Counties with more than 10 new cases were: Jefferson, 143; Warren, 59; Fayette, 53; Laurel, 43; Kenton, 27; Letcher, 27; Scott, 25; Whitley, 23; Christian, 20; Allen, Daviess, Harlan and McCracken, 18; Boone, 17; Hardin and Logan, 16; Campbell, Madison, Magoffin and Powell, 15; Floyd, Montgomery and Simpson, 13; Marshall and Pulaski, 12; and Butler and Casey, 11.
Ky. Health News graph of initial, unadjusted daily reports
By Al Cross
Kentucky Health News
Kentucky recorded 921 new cases of the novel coronavirus Thursday, a jump of more than 100 from the day before. That raised the state’s seven-day rolling average of new cases to 634, which is 27 higher than Wednesday.
The one-day rise in the average was the largest since a jump of 69 on Feb. 25. That was 5.6 percent higher than the day before; case numbers were twice as much then. Thursday’s number was 4.4% higher than Wednesday’s.
Also going the wrong direction Thursday was the share of Kentuckians testing positive for the virus in the last seven days. It was 2.99%, continuing almost a week of small increases from a recent low of 2.8%.
The statewide new-case rate over the last seven days dropped slightly, to 10.93 per 100,000 residents. Kentucky’s rate remained 34th in the nation, according to The New York Times. The state’s rank has declined recently as cases rise in other states; now that trend may be changing.
Counties with rates more than double the statewide rate were Powell, 46.2; Harlan, 41.2; McCreary, 36.5; Whitley, 33.5; Lee, 30.9; Owsley, 29.1; Simpson, 24.6; Perry, 23.3; Lyon, 22.6; and Knox, 22. All but Simpson and Lyon are in Appalachia.
After a small spike on Wednesday, hospital numbers were down Thursday. Kentucky hospitals reported 411 Covid-19 patients, 92 of them in intensive care and 45 of those on ventilators. Respectively, those numbers were down 2, 18 and 3 from Wednesday.
The state added 18 more deaths to its Covid-19 fatality list, 13 from reporting by health departments and five from an ongoing audit of death certificates, raising the toll to 6,108. As part of a reporting cutback going into Easter weekend, the state did not identify the dead by county, age, sex and date.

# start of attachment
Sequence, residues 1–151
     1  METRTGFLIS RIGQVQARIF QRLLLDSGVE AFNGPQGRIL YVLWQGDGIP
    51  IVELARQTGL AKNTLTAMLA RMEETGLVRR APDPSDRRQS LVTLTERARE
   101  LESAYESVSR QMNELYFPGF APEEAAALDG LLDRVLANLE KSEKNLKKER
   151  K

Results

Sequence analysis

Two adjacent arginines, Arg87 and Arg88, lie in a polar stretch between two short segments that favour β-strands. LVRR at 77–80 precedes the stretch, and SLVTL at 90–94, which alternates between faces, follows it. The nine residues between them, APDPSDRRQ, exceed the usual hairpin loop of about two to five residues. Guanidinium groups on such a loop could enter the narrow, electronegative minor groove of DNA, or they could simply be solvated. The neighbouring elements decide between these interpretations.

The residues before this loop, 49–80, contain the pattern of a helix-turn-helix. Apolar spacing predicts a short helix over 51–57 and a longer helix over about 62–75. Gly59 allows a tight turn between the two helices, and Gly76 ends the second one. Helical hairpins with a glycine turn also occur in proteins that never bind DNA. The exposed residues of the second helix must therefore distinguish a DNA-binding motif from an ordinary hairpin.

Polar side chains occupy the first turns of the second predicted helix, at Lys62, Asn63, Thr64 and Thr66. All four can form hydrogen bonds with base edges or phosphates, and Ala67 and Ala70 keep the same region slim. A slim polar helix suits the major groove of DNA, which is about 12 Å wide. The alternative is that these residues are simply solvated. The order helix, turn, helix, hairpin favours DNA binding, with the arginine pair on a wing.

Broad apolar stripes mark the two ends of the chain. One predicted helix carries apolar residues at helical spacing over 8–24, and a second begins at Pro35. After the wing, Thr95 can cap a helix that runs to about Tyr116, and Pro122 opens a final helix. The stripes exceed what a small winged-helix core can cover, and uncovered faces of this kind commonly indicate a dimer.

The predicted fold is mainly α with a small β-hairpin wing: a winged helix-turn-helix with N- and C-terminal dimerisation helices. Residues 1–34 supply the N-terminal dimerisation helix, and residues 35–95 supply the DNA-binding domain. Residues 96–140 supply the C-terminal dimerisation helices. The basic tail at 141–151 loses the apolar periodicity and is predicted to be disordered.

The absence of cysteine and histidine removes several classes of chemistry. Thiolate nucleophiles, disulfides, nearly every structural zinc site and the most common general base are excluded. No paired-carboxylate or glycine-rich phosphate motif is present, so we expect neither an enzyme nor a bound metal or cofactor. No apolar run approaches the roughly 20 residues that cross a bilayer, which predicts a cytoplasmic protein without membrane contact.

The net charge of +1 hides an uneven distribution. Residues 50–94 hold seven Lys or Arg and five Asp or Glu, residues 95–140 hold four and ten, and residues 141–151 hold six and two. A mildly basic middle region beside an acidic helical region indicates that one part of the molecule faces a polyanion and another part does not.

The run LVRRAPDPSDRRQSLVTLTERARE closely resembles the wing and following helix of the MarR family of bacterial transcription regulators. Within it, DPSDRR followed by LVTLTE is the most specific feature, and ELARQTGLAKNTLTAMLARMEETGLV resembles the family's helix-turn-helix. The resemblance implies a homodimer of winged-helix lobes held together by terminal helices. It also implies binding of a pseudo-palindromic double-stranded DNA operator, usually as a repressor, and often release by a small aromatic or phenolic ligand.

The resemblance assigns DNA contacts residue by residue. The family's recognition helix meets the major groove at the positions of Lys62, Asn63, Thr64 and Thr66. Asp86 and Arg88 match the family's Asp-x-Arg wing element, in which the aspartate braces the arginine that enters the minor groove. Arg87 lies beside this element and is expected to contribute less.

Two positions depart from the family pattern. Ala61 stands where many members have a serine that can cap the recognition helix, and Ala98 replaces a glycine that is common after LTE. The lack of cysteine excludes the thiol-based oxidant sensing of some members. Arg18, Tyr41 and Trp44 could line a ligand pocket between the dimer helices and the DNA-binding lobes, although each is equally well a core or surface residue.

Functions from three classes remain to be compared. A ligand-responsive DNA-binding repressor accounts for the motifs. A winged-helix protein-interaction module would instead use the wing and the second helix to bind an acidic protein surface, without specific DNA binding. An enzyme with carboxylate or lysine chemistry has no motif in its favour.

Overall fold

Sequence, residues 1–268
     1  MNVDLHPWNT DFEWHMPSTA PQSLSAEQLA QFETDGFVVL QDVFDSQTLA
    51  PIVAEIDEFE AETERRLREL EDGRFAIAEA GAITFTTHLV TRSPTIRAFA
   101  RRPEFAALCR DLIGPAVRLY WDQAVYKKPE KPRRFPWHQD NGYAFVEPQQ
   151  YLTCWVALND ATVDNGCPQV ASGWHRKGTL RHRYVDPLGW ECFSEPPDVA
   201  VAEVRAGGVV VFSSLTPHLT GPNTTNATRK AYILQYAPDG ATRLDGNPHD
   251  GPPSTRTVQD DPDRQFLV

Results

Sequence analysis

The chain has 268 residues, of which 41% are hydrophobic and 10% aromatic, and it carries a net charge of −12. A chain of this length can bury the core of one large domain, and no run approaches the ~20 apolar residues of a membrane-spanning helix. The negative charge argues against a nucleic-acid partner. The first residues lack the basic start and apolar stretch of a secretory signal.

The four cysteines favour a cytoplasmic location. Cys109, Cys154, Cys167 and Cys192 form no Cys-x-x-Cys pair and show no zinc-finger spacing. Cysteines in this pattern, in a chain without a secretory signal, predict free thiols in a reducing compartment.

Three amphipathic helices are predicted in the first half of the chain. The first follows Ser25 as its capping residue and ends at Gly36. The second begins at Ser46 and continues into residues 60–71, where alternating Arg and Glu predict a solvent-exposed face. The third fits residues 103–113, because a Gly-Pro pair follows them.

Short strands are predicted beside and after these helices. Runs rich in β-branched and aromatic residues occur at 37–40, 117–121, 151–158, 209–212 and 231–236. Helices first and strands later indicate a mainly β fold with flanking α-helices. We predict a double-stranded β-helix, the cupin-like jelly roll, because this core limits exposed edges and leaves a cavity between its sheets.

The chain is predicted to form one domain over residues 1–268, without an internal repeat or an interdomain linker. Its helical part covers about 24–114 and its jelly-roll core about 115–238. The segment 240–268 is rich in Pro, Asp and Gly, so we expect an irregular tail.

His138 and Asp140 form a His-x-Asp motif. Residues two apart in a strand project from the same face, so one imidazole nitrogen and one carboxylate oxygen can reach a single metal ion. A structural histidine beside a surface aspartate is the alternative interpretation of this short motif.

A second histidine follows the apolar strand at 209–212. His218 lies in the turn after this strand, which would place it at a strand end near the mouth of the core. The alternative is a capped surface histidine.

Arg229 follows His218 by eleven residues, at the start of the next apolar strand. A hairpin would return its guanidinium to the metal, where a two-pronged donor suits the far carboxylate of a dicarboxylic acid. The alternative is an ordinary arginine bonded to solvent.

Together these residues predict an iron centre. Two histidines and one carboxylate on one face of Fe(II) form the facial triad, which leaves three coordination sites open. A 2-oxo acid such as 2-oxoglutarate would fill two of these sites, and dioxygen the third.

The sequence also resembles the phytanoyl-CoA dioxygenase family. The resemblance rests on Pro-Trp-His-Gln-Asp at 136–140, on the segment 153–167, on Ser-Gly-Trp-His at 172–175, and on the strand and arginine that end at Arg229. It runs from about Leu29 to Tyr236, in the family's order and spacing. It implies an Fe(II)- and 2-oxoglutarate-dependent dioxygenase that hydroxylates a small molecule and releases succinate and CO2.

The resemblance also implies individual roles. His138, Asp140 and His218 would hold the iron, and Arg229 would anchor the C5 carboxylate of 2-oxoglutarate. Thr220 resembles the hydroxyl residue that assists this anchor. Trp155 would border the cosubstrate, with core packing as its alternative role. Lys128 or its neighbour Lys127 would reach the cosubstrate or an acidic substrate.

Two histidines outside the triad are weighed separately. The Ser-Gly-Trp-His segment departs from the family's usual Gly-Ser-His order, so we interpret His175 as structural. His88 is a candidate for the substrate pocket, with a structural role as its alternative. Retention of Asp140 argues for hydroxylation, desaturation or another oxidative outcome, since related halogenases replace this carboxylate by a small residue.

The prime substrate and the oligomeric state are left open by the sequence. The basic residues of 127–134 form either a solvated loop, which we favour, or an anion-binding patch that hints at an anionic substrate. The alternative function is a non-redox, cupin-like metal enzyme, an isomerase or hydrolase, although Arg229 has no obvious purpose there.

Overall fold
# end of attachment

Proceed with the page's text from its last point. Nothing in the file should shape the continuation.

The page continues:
Gov. Andy Beshear announced the day’s numbers in a Facebook post without comment, but as usual, hundreds of people in his audience had something to say on the social-media platform.
“Ellie May Clampett,” likely a pseudonym, wrote, “Numbers are rising again. Thanks, spring break; you did a great job.” Experts have said spring-break crowds could be partly responsible for the national rise in cases.
A poster identified as Keil Carter wrote, “I choose to not get the vaccine. I’m also not going to stay home, wear a mask or social distance.” That brought several adverse replies, including this one: “You might regret that decision. My friend’s husband said the same thing and he was buried last Saturday.”
Another wrote, “My mask protects you from catching Covid from me; your mask protects me from getting Covid from you. I caught it from someone who had no symptoms and I was asymptotic when I gave it to my husband. He died of Covid in January. I hope this does not happen to someone you love.”
On Lexington’s WKYT-TV, Stuart Spillman of the Lake Cumberland District Health Department told reporter Phil Pendleton, “If you refuse to take the vaccine, you’re not part of the solution, you’re part of the problem. You’re the reason this is going to continue the way it is.”
U.S. Sen. Mitch McConnell, touring the state, continued to urge acceptance of vaccines by his fellow Republicans, about a third of whom in national polls have said they won’t get a shot. He said there is “no good reason” not to.